The Confidence Gap- Three Ways to Boost Teacher Confidence

April 3, 2019

As many teachers begin their career, the tendency for a lack of confidence is high. New teachers are literally thrown into a classroom, many without any degree of support from the system within which they work. They are given the key to their classroom, provided the equivalent planning and teaching workload of a 27 year veteran teacher, and told to do more and more each month, each year. It’s no wonder nearly 50% of teachers leave the profession within the first five years.

That being said, you can only control what you do and how you respond to situations that arise in and around your classroom. Below, we will provide you with the three “Be’s” of confidence in the classroom.

1. Be well-planned and prepared each day, for each class

Let’s start with planning. If you find yourself staying at school until 9:00 PM each night, you may be doing something wrong, or at the very least, not using your time effectively during the school day. During your planning periods, avoid spending time cavorting with colleagues in the staff room: it’s time to prioritize. Let’s assume you have a 45 minutes planning period. You should block off time to:

  • make any necessary edits to your plans for that very day. Remove activities that didn’t work for your first class, or add in extra directions to provide more clarity for your students (10 minutes).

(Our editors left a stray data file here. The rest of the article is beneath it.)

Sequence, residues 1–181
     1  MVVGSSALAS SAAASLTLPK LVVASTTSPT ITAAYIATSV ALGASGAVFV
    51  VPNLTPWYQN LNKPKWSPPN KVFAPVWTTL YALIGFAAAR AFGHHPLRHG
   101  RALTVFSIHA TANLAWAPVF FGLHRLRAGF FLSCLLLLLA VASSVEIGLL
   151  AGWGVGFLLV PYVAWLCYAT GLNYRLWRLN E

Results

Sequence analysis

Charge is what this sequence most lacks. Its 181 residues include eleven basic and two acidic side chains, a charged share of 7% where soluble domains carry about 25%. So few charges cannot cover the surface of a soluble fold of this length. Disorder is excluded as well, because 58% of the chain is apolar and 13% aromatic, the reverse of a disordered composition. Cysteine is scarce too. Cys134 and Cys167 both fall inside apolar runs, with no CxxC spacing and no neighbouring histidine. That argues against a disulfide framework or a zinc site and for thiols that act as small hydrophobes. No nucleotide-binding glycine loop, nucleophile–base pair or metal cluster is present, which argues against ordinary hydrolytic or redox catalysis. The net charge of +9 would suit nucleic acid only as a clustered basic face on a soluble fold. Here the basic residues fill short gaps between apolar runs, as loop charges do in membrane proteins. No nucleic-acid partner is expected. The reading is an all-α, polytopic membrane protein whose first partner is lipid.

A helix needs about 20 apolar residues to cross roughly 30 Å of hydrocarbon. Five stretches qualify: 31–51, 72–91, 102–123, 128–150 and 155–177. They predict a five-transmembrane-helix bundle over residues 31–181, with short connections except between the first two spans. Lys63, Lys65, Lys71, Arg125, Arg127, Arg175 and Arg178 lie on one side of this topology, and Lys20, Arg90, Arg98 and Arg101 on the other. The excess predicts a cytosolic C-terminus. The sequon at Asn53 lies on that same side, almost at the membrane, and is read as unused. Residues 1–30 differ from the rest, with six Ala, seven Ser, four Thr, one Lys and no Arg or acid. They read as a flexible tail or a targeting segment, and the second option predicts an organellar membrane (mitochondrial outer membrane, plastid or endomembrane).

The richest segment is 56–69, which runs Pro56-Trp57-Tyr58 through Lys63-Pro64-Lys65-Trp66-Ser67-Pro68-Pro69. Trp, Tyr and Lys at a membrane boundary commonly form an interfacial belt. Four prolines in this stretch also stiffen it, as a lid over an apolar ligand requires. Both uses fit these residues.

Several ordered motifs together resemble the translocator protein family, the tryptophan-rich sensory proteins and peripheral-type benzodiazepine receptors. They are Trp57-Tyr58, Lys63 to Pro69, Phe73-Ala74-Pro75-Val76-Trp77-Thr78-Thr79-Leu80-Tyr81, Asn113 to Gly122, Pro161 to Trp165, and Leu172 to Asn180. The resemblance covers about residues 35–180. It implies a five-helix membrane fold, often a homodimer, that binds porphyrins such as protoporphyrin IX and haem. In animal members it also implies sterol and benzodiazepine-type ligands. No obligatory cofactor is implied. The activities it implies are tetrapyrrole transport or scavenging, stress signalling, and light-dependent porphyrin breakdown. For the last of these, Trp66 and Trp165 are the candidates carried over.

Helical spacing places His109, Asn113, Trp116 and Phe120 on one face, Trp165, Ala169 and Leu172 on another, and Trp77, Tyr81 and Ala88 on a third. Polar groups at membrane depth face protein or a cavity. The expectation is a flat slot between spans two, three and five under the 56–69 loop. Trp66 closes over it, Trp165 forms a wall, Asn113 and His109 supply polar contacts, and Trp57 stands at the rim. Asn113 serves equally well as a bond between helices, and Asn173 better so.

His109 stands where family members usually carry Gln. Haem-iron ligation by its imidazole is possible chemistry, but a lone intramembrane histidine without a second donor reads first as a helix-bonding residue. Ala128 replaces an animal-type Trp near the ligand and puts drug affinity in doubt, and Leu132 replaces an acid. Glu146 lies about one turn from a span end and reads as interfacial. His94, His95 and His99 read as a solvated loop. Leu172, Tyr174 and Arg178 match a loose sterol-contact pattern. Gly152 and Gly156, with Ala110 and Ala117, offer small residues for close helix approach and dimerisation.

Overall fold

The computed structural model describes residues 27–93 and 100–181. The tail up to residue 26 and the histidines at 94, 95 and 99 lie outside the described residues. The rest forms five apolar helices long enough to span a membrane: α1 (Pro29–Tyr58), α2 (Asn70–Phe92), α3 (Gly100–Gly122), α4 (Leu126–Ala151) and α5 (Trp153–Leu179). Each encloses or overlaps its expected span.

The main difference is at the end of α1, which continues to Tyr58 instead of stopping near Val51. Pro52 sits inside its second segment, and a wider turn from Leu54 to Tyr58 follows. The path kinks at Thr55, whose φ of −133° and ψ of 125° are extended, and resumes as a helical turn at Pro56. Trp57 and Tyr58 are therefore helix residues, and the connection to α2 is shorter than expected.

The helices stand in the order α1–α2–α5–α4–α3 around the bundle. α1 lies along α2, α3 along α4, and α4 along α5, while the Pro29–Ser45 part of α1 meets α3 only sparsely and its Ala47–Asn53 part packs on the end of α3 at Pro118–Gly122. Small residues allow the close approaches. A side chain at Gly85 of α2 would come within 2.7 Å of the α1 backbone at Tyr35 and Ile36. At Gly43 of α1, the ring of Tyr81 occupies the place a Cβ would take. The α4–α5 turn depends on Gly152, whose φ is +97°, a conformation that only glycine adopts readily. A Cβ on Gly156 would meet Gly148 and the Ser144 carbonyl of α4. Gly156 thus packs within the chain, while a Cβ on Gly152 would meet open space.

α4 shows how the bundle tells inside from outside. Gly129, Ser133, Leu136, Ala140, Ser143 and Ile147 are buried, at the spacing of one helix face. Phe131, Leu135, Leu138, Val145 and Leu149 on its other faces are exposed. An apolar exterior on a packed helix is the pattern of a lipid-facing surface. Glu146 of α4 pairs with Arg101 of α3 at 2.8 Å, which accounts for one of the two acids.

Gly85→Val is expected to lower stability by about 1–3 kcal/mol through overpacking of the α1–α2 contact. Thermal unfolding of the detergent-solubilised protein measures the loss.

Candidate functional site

• review curriculum / textbook materials for the next day to ensure you understand the scope and sequence of this week’s learning (10 minutes).
  • craft mastery objectives and learning activities for the next day’s lessons (15 minutes).
  • grade any exit tickets from the previous class, if you have time.
  • prepare any materials or manipulatives for the upcoming group of students.

At the end of your day, block off only the amount of time that you need to prepare for the very next day…and then leave! You can’t realistically get everything done in one day, and it’s easy to get sucked into staying late at school. Feeling exhausted each day, will only engender contempt for your school, colleagues, and students; and ultimately diminish your confidence and purpose within the profession.

2. Be clear, concise, and confident in your directions and expectations

As you are planning your instruction for each day, the first questions you are trying to answer are as follows: what is your mastery objective, how you will assess students at the end of the lesson, and how will you plan activities that help students build their understanding of the desired concepts. If you can explicitly state what you want students to know and be able to do, and how you are going to get there, you will exude more confidence in front of students.

After you have completed the above skeletal plans, you should be considering how you plan on communicating all of the above information in a student-friendly manner. For example, if you decide that part of the beginning of your lesson should include complex terms students must be aware of prior to learning their content (known as frontloading), keep your list to no more than three terms and ensure that they are writing them down in some capacity (there is minimal research out there that promotes the writing down of every single word, so consider having a fill in the blanks / Cloze activity sheet).